October 29, 2009
New return center in Oneida ready for water bottles
Stan Burggoff of Cash for Cans can and bottle return sorts cans on Wednesday in Oneida. -Dispatch Staff Photo by JOHN HAEGER
ONEIDA -- The original date of Oct. 31 for plastic water bottles to be returnable has been pushed back by state officials to Nov. 8 to give distributors and stores more time to adjust labels and bottle return machines.
Any distributors who are able to change labels to include the nickel deposit earlier than Nov. 8 are being encouraged to distribute them.
“We’re in the process now to make sure the label requirements are met,” said Maureen Wren, spokesperson for the New York State Department of Environmental Conservation.
Consumers will be charged the five cent deposit beginning Oct. 31 only for distributors who have met label requirements.
The bill originally passed on April 7 as part of the 2009-10 state budget and adds plastic water bottles smaller than a gallon to the list of returnable, refundable bottles.
Marty Blair, owner of Cash for Cans, said he has already seen eight to 10 supermarket brand plastic water bottles come through his new business. He cannot give customers the five cent return until Oct. 31, but he said he will hold on to the bottles until then.
Blair expects more business as the Bottle Bill goes into effect. Blair and employee Stan Burgdoff say they recognize the importance of the bill for recycling and increased profit. Blair said many people just throw out plastic water bottles now. “It’ll keep them out of landfills,” Burgdoff said.
Currently, any water bottle that customers bring in that does not have a five cent deposit on the label is recycled through the store’s garbage pickup.
“We’re just helping the process, making it easy to recycle,” Blair said. His new business opened Sept. 1 and he said, “Business is picking up, word’s getting out.”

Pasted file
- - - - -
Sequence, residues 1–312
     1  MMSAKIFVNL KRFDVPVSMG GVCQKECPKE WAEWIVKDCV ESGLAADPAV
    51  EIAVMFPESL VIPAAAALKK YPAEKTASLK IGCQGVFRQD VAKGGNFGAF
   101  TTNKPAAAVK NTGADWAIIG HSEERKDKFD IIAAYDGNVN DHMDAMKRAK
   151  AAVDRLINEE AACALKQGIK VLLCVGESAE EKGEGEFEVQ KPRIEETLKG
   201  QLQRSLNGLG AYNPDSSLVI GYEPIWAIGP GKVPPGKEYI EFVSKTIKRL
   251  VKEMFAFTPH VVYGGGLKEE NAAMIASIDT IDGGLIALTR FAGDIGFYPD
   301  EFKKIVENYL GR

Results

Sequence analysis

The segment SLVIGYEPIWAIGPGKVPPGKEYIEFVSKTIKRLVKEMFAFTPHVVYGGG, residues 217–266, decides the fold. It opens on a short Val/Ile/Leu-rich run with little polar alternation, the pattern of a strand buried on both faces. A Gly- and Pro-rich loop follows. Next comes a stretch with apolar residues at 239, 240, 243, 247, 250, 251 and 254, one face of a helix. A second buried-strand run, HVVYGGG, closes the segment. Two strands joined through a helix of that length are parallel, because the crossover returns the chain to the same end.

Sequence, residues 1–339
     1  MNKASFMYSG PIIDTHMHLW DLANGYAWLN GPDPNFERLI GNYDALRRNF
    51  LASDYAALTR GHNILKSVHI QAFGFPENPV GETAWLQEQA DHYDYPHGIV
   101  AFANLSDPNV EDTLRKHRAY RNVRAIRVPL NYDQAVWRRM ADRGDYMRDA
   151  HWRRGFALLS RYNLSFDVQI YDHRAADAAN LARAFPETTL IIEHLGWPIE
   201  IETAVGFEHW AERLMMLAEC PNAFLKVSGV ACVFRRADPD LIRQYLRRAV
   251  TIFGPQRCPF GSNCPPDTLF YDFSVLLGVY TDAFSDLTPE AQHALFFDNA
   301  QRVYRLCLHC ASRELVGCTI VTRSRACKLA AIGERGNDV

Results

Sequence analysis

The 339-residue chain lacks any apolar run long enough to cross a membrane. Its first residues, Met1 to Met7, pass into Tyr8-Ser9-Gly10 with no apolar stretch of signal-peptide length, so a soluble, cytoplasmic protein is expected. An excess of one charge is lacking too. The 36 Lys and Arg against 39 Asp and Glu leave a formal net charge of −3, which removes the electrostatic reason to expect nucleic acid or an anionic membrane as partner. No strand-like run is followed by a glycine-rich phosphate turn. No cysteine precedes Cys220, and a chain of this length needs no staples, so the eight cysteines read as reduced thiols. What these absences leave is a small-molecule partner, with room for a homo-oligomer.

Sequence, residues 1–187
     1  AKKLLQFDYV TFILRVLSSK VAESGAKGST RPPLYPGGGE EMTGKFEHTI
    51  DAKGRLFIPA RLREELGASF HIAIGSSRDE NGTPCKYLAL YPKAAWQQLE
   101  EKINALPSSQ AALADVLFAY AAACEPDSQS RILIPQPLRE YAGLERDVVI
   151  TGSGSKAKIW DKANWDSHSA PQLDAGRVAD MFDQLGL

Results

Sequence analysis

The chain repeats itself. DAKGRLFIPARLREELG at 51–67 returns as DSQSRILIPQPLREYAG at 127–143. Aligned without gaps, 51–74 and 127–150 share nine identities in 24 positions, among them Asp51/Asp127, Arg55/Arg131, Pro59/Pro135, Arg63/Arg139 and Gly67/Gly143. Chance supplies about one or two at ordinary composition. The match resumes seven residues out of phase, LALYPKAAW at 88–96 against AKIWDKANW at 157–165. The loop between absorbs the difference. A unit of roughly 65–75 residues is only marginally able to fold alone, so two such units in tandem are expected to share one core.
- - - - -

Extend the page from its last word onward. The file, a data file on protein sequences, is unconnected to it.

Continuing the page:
Cash for Cans is a bottle and can redemption center that, according to Blair, sees an average of 25 to 30 customers, yielding about 6,000 cans each day. After bottles and cans are counted and customers paid, Blair and Burgdoff separate them according to their brands and distributors. They are bagged and stored until distributors pick them up.
While customers receive five cents for each bottle or can returned, the redemption center is reimbursed 8.5 cents by the distributor, a profit of 3.5 cents per bottle or can.
“It’s currency really, it’s five cents,” said Blair. With an ailing economy, he said “Nickels add up ... (Customers) are pinching every nickel.”
Blair said he’s not worried about competition for business with other area redemption centers or supermarkets. “It’s clean and an easy in and out here,” Blair said.
Bottle drives and fundraisers are welcomed and frequent customers, Blair said. When people have a lot of bottles and cans, “it’s a lot faster,” he said. “It’s a lot easier when you don’t have to deal with machines jamming up.”
Cash for Cans is open 9:30 a.m. to 5:30 p.m. on Monday, Tuesday, Thursday and Friday and 10 a.m. to 3 p.m. on Saturday at 1121 Glenwood Ave. in Oneida (across from Denny’s) .